Population in Ethiopia: size and ethnic composition
Ethiopia is called the cradle of humanity, because it was here that the remains of the predecessor of Australopithecus, who lived more than four million years ago, were found. This is the second largest country in the African continent. How many people are in Ethiopia? What features does it have?
A bit about the country
Ethiopia is located in East Africa. After Eritrea separated from it in 1993, the country lost direct access to the Red Sea. It is closed between Djibouti, Somalia, Kenya, Sudan and South Sudan. In terms of population, Ethiopia is the fifteenth in total, and the first is a landlocked country. The area of the state ranks twenty-seventh in the world, covering 1,104,300 square kilometers.
Until the 70s of the 20th century, a monarchic regime operated in Ethiopia. On its territory there existed the kingdom of D`mt, the Sabean, Aksum kingdom, the rules of the Solomon dynasty. From 1936 to 1941 the state belonged to the Italians.Since 1970, socialist ideas have developed in Ethiopia. Until 2000, the country had to endure the “red terror”, famine, civil wars, the war with Somalia and the conflict with Eritrea.
Now the state is a federative republic with nine regions (kyllly) and two self-governing territories. A clear border with Eritrea has not been drawn so far. This is an agrarian country with an underdeveloped economy. Below the poverty line is about 40% of the population of Ethiopia. The local currency is the Ethiopian birr.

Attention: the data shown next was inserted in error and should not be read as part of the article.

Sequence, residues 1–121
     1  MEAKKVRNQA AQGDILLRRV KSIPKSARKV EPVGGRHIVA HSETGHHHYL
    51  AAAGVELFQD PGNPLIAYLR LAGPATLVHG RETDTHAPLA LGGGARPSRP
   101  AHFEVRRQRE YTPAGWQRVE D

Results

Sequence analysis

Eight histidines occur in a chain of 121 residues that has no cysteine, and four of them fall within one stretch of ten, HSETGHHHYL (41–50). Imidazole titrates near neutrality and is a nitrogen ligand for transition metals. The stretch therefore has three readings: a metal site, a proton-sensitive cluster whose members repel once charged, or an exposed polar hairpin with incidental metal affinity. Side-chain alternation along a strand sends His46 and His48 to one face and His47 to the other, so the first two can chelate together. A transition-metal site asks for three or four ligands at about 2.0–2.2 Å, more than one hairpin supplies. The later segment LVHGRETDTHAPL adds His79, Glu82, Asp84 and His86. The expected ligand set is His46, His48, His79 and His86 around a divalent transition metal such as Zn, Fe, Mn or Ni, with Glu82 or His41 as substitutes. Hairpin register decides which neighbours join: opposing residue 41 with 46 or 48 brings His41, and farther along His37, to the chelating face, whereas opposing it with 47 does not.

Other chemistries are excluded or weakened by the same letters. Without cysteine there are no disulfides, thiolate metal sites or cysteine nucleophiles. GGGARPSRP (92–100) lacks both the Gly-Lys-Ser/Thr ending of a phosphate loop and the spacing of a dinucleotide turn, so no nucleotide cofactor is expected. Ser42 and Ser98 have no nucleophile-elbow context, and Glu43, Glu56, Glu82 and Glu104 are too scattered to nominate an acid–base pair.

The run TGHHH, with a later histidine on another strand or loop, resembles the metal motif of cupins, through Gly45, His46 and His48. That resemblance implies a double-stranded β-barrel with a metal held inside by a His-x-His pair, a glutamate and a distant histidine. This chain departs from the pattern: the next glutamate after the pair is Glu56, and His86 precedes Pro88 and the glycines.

Residents of the country
Ethiopia’s population is 105 million. As already mentioned, this is a fairly high figure. Despite repeated conflicts in the country, the number of inhabitants has steadily increased since 1951. Then in Ethiopia, lived 18 million people.
The city is inhabited by up to 17% of people. The rest of the country's citizens live in the countryside. The economically active population of the country is 50 million people. Most of the working people involved in subsistence agriculture, in industry - only 5%.
In 2016, the unemployment rate in Ethiopia was 17.5%. According to the human development index, the country is on the 174th place (0.442) out of 188, in the level of social progress - on the 121st place out of 128.The difference between the poor and the wealthy class is very noticeable, while the middle class is almost non-existent. In terms of prosperity, the country is also in the last twenty, but the level of happiness is slightly higher - out of 140 places Ethiopia is 66.
The population of Ethiopia is growing steadily. This year alone (2017), the increase was 1.8 million. In 2016, the increase was 2.3% or 2.5 million people. The number of women at the same time about 500 thousand more than men. Migration, on the contrary, has negative values and reaches about 15 thousand people.
The working-age population (from 15 to 64 years old) makes up more than half of all inhabitants of the country. Citizens over 64 years old are only 2.7%, while minors under 15 years old account for 46.3%. Such a picture is typical for developing countries and is usually accompanied by high mortality and fertility. The number of deaths in 2016 amounted to 790,000 people.
The life expectancy of Ethiopian men is 53.6 years, women live an average of five years longer. By level of education, the state occupies 180 of 188 places in the world. Only 48% or 27 million people can write and read at least in one language.
The question of which population in Ethiopia cannot be answered.More than one hundred nationalities and ethnic groups live in the country. The most numerous of them are Oromo (32.1%) and Amhara (30.1%). Oromo are divided into several groups that differ in lifestyle and faith. They make up the majority in the east of the Ethiopian Highlands, and live in the southern Highlands and in the Caf and Haraerga areas. Amhara live on the northwestern slopes of the mountains. The related people of Tigra also live there, which is only 6.2%.
Somali, Afar, Agau, Gourage, Sidamo, Walita, Ometo, Dasanech and other peoples also live in the country. Somalis live in the hot southeastern and eastern regions (5.9%). The southern part of Ethiopia in the Omo Valley is inhabited by Sidamo (3.5%).